Real-time physics, lighting, and sound design using Max 6 and Ableton Live. Recorded using syphon.
Each ball is assigned a MIDI note that is sent to Ableton whenever the ball collides with another object. MIDI velocity is determined by the speed of the ball on impact. Gravity changes with several LFO objects, along with an attractive force in the middle of the scene.
From the upcoming feature film LFO.
LFO is a dark comedy/drama/Sci-Fi about a man who realizes that he can hypnotise with sound. He starts experimenting on his neighbors, where the abuse of power takes over and, eventually, severe consequences for mankind are at stake.
Film will be released summer/fall 2013.
More info: https://www.facebook.com/filmenLFO
Here is a demonstration of the sound and functionality of the low frequency oscillator of the Yamaha CS-50.
This is a compilation of the possibilities of a LFO-sync modded Korg Monotron analog synthesizer.
In this mod (see also http://stevewoodward.posterous.com/lfo-reset-point-on-korg-monotron), the low-frequency oscillator (LFO) of the Monotron (sync slave) can be retriggered by pulse signals in this case from a Roland TR-626 rhyrtm computer (sync master). The trigger signals sent by the TR-626 can be programmed by its rimshot pattern. Shuffled notes of the sync master are directly introduced into the Monotron LFO, to give also a shuffle effect.
Advantages of this mod is the low-budget (~2$, only a few cables and a 3.5 mm plug are needed) and the possibility to sync other music devices to the TR-626 via MIDI at the same time. Like shown here a Nanoloop (http://www.nanoloop.de/gameboy) cadtridge for Gameboy Classic, can also be synced with the same pulses.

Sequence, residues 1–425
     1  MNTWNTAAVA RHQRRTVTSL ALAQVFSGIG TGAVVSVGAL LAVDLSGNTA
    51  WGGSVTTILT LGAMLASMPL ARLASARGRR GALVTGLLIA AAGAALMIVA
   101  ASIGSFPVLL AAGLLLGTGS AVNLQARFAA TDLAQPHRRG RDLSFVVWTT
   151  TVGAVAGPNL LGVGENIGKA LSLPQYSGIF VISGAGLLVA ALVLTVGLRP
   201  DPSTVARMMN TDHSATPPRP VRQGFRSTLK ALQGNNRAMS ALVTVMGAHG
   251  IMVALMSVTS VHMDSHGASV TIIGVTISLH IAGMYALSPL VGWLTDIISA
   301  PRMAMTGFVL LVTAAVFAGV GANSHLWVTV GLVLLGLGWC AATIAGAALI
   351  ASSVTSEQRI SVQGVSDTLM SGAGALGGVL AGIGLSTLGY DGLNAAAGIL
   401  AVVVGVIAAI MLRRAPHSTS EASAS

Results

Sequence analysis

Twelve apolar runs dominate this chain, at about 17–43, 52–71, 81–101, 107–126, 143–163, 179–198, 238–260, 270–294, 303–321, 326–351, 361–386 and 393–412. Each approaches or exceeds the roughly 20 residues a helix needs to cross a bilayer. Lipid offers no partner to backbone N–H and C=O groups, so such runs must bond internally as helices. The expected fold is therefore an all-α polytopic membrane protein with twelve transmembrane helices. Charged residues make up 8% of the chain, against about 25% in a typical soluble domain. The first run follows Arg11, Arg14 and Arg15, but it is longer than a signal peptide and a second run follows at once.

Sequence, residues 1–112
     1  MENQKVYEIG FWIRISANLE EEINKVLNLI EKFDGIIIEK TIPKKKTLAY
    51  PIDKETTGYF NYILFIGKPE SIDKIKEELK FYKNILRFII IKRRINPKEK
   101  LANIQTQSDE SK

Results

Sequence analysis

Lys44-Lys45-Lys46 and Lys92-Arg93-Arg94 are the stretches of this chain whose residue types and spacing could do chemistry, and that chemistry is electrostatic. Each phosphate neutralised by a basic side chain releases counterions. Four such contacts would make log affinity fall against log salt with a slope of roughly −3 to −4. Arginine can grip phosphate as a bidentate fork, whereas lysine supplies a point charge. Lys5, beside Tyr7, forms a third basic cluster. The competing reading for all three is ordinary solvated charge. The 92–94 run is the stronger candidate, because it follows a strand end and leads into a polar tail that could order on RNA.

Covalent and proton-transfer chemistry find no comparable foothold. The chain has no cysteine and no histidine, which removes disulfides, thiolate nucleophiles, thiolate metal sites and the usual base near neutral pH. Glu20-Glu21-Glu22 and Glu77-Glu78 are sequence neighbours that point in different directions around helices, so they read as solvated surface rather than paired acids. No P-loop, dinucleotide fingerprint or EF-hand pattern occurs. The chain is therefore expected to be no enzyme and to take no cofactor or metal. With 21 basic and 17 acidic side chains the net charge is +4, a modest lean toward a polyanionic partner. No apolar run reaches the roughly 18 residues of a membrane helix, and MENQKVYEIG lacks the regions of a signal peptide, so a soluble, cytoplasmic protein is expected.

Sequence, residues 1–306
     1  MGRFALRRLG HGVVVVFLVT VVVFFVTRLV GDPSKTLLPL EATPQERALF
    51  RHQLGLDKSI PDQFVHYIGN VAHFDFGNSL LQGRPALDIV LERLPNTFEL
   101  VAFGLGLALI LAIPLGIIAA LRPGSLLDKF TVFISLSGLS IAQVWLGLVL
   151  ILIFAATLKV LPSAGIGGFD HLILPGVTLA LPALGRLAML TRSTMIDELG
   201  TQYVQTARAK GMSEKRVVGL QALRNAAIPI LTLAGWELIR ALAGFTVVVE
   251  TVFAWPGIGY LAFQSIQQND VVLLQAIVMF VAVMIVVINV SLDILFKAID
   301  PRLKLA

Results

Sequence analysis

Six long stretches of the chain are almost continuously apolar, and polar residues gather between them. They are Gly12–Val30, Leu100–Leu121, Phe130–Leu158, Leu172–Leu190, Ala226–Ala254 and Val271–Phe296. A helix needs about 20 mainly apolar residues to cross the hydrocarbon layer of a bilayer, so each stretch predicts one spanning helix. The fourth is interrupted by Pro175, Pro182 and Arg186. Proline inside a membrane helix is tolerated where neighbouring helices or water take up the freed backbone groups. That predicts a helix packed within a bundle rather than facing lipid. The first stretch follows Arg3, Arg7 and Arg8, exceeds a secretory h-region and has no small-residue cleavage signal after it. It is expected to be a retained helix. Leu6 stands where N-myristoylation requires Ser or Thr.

This LFO-sync Mod enhances the possibilities of the Korg Monotron significantly.
It allows to use the synchronized Monotron analog filter LFO for external audio, as well as for the internal voltage controlled oscillator (VCO).
If the Monotron LFO frequency is tuned higher the retrigger frequency of the sync master, there is also the possiblilty of cross-modulation effects, like for the unsynced version.
In this video, Arturia Sound Design Manager, Mike Hosker, shows you how to sync Spark with MiniBrute to create locked arpeggiated and LFO patterns with your beats.
Live ambient music performance on Access Virus C (Indigo 2) using rhythmic LFOs, reverb, resonance and envelope filter adjustments.
Excerpt take from a longer session.
Again a very short demo of one of Tomas’ new modules. This video shows just the LFO running in trigger mode, and then in gated mode.
There are only few LFO modules integrating a gate delay and a VCA to create this delayed and inceasing tremolo/vibrato that sounds so musical.
The LFO of a Korg Monotron is synchronized to the trigger output of a Roland TR-626 drum machine. The retrigger of the Monotron LFO is the red wire. The sync mod is done like shown here: http://stevewoodward.posterous.com/lfo-reset-point-on-korg-monotron
In this video the TR-626 is started and stopped. The rhythm rate is also varied.
Atomic Shadow has set up a self playing S/H patch on the EMW-200 and ran the result through the STG Sea Devil and Krisp1 ring mod. All of the raw sound is coming from the EMW-200, the Krisp1 mini LFO was controlling the filter. Part of the signal made it through the Strymon El Capistan echo pedal. The improvised drums were then performed live with the patch on the V-Drums. The film was then finished by Micky Dodds who also made the film for February-Moon Of Ice from the Twelve Full Moons album.
Vince Clarke and Martin Gore’s VCMG project has really hijacked the dancefloors with the album SSSS, plus remixes from the likes of Regis, Byetone and Matthew Jonson – now Mute have just announced a third remixes EP from the album via Twitter. This one’s set to feature ‘Aftermaths’, with a remix by Clarke himself, alongside another veteran name: Warp’s mighty LFO. The package is rounded out by a remix by Alva Noto, one half of Diamond Version and co-head of the Raster Noton label alongside Byetone. It’s set for release on August 20th through Mute.
That’s all we’ve been told so far – no music for you to listen to yet